In this collection of essays, A. A. den Otter explores the meaning of the concepts 'civilizing' and 'wilderness' within an 1850s Euro-British North American context. At the time, den Otter argues, these concepts meant something quite different than they do today. Through careful readings and researches of a variety of lesser known individuals and events, den Otter teases out the striking dichotomy between 'civilizing' and 'wilderness,' leading readers to a new understanding of the relationship between newcomers and Native peoples, and the very lands they inhabited. Historians and non-specialists with an interest in western Canadian native, settler, and environmental-economic history will be deeply rewarded by reading Civilizing the Wilderness.
- Introduction - America's First Nations
- Discovery, Exploration and Colonisation
- Revolution and Independence
- The Young Republic
- Jefferson and the Democratic Republic
- The Age of Jackson
- The West (Pre-Civil War)
- Sectional Conflict
- Civil War and Reconstruction
- The West (Post-Civil War)
- The Gilded Age and Imperial America
- Populism, Progressivism and the Great War
- Boom, Bust and the New Deal
- World War II and the Origins of the Cold War
- Post-war America: The Fifties and Sixties
- Retrenchment: The Seventies and Eighties
- Post-Cold War America: Cold War Ends, War on Terror Begins
"Enhanced with the inclusion of an extensive bibliography, footnotes, and a comprehensive index, Civilizing the Wilderness is an erudite and impressive work of seminal scholarship making it very highly recommended [...] "
- The Midwest Book Review, July 12, 2012
"den Otter uses [Henry] Budd's poignant story and those of his Anishinaabe Methodist contemporaries Henry Bird Steinhauer (Sowengisik) and Peter Jones (Kahkewaquonaby) as parables to illustrate the dual cultural identities produced by the civilizing crusade and its pernicious hypocrisy."
- Heather Robertson, Canada's History, February-March 2013
"The notion of 'civilization' that he explores is one that involved not only the 'civilizing' of aboriginal peoples, but also taming of the 'wilderness.' [Otter] examines the recorded views of individuals like missionaries William Mason and Robert Rundle and aboriginal converts Henry Steinhauer, Henry Budd, and Peter Jones in exploring how 'civilization' and 'wilderness' were mostly perceived in pre-Confederation Canada as binaries defined through conflict and tension [...] Drawing on not only history but also Canadian literature, this is a thoughtful discussion of Native-newcomer relations and the transformation of the environment and economy in western Canada in pre-Confederation Canada. Summing Up: Recommended. Upper-division undergraduates and above."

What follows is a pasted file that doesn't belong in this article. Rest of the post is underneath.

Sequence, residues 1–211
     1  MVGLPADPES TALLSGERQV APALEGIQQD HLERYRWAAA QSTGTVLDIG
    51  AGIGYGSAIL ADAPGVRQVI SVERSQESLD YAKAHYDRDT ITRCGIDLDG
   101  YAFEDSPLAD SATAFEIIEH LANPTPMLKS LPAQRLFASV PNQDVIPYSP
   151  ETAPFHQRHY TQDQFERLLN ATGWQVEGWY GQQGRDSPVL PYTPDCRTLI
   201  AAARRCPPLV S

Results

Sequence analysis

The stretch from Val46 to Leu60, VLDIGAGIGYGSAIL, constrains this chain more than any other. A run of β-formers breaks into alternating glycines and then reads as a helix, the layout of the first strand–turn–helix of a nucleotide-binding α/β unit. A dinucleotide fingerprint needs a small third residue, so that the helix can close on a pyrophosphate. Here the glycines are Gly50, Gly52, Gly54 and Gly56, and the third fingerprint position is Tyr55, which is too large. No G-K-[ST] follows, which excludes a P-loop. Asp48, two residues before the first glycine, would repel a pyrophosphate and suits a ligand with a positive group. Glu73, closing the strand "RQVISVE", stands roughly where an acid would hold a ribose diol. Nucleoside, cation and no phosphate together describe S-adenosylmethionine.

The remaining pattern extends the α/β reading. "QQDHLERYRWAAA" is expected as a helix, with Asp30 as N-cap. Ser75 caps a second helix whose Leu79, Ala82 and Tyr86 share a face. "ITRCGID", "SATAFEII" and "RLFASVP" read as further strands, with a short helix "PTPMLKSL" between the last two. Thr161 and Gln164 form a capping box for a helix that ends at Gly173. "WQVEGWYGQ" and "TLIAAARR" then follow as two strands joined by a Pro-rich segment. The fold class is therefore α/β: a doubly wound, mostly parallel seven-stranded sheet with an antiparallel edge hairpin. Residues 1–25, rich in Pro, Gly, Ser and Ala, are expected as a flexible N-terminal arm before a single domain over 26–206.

- B.F.R. Edwards, First Nations University of Canada, Choice Magazine, March 2013
"The greatest strength of Civilizing the Wilderness is its rich and diverse selection of primary sources. Den Otter conducts a chorus of voices, mostly lesser-known figures that articulate varied perspectives on the 'civilizing-the-wilderness mandate.' Chapters often pair subjects: two sisters, two missionaries, two Native American preachers – with contrasting views of civilization and wilderness. Their accounts weave back and forth across decades, intersecting in locations and events [...] Civilizing the Wilderness is a solid work of original scholarship that deserves to be on the shelf with any collection dealing with Canadian history or the history of North American settlement and the frontier. It is also profitable for those with an interest in environmental, economic, and social history."
- Shelly Sommer, Arctic, Antarctic and Alpine Research, May 2013 [DOI: http://dx.doi.org/10.1657/1938-4246-45.2.298]
"In this collection of essays, den Otter (emeritus, history, Memorial University) draws on primary source accounts to investigate how the British in pre-Confederation Canada defined and understood concepts of civilization and wilderness, and how these conceptions affected missionaries' and traders' drive to civilize Natives and the wilderness. The essays profile specific figures and incidents such as William Mason and Robert Rundle, Bishop Anderson, the Sayer Trial, Governor George Simpson's civilizing mission, the 1857 Parliamentary Select Committee, and the Red River Métis."
- Book News Inc., 2013